The landlord admitted that he violated the Fair Housing Act by subjecting female tenants and applicants to unwanted sexual comments and touching.
He was accused of entering the apartments of female tenants without notice or permission, granting tangible housing benefits in exchange for sexual favors and taking adverse actions against female tenants when they refused his sexual advances.
The women involved were subjected to intimidating and severe acts of unwanted sexual conduct in their homes, where they expected to feel safe, said Thomas E. Perez, Assistant Attorney General for the Civil Rights Division. This judgment reflects the gravity of the alleged conduct.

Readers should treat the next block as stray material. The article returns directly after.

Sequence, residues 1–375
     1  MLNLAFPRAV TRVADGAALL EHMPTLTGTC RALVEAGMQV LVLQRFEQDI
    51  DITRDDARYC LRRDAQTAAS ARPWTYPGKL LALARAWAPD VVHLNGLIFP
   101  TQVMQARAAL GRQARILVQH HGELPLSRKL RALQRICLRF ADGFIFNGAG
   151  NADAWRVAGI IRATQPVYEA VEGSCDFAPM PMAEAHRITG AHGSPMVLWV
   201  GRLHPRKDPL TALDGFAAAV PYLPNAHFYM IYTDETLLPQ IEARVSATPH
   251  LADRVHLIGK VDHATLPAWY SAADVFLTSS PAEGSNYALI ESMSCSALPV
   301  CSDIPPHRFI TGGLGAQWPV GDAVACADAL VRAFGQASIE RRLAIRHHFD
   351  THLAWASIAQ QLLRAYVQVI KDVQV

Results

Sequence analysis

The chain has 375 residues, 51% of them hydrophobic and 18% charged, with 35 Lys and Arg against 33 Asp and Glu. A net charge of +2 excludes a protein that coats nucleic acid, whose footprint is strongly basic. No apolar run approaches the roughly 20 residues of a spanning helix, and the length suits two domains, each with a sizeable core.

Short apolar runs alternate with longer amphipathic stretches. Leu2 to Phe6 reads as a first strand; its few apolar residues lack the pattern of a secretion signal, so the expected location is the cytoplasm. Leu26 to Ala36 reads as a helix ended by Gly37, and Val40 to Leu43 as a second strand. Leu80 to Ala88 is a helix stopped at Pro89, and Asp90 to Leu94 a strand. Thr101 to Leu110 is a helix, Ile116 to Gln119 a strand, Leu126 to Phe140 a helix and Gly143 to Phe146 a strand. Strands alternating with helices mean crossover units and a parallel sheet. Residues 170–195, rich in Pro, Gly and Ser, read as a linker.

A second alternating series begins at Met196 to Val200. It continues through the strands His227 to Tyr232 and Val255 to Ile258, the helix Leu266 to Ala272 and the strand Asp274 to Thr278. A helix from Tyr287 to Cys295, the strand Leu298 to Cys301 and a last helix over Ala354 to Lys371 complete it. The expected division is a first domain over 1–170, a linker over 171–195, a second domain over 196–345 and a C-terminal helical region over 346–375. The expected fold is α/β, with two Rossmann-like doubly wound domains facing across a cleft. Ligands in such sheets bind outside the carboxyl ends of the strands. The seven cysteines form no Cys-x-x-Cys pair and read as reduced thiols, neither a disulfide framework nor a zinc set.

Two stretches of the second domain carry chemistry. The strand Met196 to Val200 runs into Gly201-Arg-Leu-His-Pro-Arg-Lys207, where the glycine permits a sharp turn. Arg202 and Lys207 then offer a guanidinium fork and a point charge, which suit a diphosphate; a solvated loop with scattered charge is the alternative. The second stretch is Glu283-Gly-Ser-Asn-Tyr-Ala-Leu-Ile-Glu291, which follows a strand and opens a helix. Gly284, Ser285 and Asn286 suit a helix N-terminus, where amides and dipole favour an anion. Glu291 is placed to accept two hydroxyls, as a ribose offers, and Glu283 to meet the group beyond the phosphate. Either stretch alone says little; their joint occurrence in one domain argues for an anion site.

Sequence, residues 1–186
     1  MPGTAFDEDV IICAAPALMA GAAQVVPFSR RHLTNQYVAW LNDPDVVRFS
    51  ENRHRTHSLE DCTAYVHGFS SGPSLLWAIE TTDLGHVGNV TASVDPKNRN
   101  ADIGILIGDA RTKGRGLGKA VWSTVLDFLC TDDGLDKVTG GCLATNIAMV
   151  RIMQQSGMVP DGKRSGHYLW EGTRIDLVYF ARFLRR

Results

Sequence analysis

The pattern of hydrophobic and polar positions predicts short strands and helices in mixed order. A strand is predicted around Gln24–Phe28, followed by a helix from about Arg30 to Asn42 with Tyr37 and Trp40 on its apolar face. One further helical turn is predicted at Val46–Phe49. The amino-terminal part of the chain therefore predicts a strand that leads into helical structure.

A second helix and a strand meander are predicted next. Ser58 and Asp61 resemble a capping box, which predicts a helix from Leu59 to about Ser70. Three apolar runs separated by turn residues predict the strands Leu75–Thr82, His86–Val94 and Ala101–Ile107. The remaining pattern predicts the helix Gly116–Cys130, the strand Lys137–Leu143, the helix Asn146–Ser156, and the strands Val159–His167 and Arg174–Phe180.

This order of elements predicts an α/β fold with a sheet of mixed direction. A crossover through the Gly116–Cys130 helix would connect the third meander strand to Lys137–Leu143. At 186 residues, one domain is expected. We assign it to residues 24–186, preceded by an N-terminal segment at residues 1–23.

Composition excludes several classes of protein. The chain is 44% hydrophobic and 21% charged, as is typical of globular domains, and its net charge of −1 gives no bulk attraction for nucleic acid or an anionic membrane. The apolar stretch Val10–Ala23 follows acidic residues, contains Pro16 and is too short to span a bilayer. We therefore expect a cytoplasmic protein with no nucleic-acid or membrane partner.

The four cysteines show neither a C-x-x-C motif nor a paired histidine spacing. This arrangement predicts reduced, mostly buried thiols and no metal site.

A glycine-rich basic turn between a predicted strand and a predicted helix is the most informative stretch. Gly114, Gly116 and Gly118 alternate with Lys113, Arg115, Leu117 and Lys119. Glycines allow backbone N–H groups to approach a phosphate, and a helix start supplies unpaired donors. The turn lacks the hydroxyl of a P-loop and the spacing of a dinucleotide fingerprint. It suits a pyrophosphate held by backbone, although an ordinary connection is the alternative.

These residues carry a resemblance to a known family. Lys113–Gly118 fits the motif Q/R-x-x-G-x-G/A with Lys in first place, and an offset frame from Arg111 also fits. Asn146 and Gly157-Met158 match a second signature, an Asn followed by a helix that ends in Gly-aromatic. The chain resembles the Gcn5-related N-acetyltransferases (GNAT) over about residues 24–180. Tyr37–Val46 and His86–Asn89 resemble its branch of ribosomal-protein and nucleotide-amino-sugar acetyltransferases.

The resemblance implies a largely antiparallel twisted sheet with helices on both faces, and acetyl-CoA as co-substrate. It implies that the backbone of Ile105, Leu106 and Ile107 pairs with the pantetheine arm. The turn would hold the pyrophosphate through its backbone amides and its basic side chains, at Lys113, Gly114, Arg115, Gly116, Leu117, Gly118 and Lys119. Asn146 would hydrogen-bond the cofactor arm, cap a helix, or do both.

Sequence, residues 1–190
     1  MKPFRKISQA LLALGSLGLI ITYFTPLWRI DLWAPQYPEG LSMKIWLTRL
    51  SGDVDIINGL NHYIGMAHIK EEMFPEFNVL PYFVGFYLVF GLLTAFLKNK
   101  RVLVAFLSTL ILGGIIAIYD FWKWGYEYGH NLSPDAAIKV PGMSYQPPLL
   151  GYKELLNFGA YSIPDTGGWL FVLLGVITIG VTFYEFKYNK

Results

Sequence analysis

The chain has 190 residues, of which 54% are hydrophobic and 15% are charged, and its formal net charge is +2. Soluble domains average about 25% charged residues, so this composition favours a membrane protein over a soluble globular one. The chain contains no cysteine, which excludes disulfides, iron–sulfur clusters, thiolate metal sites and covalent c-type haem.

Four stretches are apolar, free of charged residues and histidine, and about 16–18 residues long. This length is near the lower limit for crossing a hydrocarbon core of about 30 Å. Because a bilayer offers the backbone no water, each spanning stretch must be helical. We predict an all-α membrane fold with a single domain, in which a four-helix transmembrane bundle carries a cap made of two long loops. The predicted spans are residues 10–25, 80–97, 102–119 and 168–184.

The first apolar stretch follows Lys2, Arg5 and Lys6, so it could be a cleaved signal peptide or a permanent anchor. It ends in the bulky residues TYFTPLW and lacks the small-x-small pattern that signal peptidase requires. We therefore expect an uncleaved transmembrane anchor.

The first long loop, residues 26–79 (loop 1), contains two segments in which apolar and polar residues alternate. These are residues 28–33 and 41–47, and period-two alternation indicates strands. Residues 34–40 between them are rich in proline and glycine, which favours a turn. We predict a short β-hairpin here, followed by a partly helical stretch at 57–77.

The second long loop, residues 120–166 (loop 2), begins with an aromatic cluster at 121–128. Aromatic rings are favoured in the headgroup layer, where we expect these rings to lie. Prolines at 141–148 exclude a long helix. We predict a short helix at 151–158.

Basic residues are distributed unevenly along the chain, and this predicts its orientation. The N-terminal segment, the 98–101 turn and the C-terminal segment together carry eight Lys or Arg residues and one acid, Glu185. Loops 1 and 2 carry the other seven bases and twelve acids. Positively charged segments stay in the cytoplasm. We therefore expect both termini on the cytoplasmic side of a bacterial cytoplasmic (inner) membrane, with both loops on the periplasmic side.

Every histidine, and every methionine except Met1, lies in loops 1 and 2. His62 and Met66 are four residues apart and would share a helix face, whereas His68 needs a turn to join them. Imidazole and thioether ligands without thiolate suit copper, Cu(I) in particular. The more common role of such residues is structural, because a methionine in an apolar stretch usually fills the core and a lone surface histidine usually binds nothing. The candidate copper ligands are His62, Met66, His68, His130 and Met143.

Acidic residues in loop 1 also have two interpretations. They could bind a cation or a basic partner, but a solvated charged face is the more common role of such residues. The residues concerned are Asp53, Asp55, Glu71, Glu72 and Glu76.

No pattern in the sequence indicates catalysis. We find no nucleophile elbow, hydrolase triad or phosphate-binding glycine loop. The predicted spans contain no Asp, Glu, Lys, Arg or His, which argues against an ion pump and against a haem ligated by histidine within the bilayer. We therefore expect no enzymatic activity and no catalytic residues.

As part of the settlement agreement, the landlord must retain an independent management company to manage any currently rented units and any future rental properties he acquires.
This helps right the wrongs committed against vulnerable individuals, said U.S. Attorney for the Southern District of Ohio Carter Stewart. Going forward, the decree sends a message that property owners must respect the rights of their tenants and those who seek safe, secure housing.
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